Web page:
What you never knew about laser shows

Here are some simple facts about laser shows which you may not know about. It’s worth checking them out to make sure you are up to date.

Shapes and colour mixing

Any laser projected shape such as tunnel (circle), plane (line), text or even  a cluster of 10 static laser beams is in fact projected with a single laser beam that is very quickly moving from position to position, while switching on and off and changing its colour.
All the colours except red, green and blue are created by mixing three basic RGB laser colours together in different ratios (case of standard RGB show lasers).

No haze, no lasers! Indoors anyway…

The laser light is visible only when it reflects off something. When all the atmospheric laser effects such as tunnels, planes and beams are performed, presence of artificial smoke or haze is absolutely essential for these laser effects to be visible.
During outdoor shows where haze or smoke can’t be guaranteed due to unpredictable wind conditions, high power laser light systems are used. These produce enough laser power to reflect off the dust and mist particles that are naturally present in the air and therefore making them visible.
Using high power lasers during snowfall and rain results in superb visual experience. On the other hand, in vacuum you would never see any laser even if it was super powerful.

Synchronisation with music and video

The synchronisation of laser effects to music and other media can be super-effective, but there’s one rule:
It must be absolutely spot on the beat.
It’s the same as with electronic music mixes - just a few milliseconds too early or late and it sounds so bad.

3D laser animations

Most of those cool 3D animations projected with show lasers are created in professional 3D modelling applications such as 3D studio Max or Cinema 4D. And because of that, such laser show displays require expertise in programming and can be quite pricey.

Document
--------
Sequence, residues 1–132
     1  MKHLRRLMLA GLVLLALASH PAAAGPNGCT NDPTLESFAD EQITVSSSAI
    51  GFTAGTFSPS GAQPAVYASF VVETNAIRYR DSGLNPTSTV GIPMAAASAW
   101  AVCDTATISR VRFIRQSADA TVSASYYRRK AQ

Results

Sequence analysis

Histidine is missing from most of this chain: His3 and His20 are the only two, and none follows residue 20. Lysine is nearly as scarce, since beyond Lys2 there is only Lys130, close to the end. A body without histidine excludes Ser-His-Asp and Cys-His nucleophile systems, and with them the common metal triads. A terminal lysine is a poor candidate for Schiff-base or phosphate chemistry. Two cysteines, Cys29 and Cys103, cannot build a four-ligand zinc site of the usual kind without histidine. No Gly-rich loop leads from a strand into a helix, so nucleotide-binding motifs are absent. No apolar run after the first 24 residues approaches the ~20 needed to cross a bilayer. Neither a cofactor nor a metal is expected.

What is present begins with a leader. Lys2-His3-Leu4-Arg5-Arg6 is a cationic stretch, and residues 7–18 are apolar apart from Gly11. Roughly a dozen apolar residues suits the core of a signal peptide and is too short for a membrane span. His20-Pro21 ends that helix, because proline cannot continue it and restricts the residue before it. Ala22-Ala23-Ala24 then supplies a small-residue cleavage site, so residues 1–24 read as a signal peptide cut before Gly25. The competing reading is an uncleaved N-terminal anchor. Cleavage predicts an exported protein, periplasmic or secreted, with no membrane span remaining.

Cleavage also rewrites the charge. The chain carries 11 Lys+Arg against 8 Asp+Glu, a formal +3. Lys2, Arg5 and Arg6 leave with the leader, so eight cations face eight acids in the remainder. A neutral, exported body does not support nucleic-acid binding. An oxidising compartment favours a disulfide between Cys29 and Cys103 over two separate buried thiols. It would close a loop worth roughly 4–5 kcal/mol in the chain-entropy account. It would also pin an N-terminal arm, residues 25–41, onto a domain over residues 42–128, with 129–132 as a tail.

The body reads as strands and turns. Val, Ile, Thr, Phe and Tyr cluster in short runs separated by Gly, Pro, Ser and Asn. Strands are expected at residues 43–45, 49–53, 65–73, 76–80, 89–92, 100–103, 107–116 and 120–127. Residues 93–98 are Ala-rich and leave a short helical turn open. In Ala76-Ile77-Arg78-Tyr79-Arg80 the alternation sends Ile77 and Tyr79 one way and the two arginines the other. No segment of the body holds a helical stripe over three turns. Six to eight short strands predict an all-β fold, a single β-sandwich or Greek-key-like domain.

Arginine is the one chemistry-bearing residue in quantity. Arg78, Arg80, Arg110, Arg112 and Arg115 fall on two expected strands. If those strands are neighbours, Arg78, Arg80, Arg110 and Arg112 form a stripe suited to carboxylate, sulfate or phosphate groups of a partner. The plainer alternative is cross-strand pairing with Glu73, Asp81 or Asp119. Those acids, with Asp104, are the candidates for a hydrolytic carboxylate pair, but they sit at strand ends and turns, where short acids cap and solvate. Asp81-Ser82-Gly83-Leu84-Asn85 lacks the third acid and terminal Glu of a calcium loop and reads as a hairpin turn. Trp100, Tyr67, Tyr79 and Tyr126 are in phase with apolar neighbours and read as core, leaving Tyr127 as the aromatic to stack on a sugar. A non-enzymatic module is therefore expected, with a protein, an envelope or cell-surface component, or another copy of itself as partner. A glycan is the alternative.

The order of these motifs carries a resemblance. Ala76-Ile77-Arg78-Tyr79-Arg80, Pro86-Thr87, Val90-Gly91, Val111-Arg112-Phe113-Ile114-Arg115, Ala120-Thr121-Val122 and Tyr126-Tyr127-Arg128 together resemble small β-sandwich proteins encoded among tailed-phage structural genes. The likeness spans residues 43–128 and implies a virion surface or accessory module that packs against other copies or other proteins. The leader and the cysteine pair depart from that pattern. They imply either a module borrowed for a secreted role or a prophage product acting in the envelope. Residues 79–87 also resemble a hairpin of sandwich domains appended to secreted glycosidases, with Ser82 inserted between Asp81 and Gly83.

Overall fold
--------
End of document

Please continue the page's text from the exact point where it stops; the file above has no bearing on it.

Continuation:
Laser mapping

Many people are familiar with 3D video mapping which shows buildings falling down, being painted over with colours and split into many moving blocks.
But 3D laser mapping is somehow still pretty unusual. Both single colour and RGB lasers can be used to map the lines of objects or buildings and because of their luminosity the results can be quite amazing. However the best is to combine both methods - that will always result in something truly special.

Floating objects?

Have you ever wondered how we do in air floating laser images?
This trick is pretty simple. When it’s dark and a thin gauze such as mosquito netting is hanged above or in front of you, your eyes are be unable to see it. If this gauze is then used as laser projection screen, whatever is displayed on it will appear to your brain as floating in the air, because your eyes are able to collect only the data of what they see the most. And due to the contrast difference between the gauze and the laser image, you see only the content of the laser projection.
If this content is 3D object (for example cube), you perceive it as 3D floating object although it is projected on planar projection surface.
Also water screens can be used if the show happens outdoors. Large scale water screen projections are costly but mind-blowing.

Best laser show

A well designed and deployed laser show can be breathtaking and very effective, but the best ones are those which combine multiple media together, such as sound, lasers, video projection, fireworks, SFXs and human performance. All in sensible and logical way of course.

Control system vs laser system

The quality of laser light system and laser control system goes hand in hand and they influence each other. So it doesn’t matter how good is your laser lighting system if the laser control is poor quality and vice versa.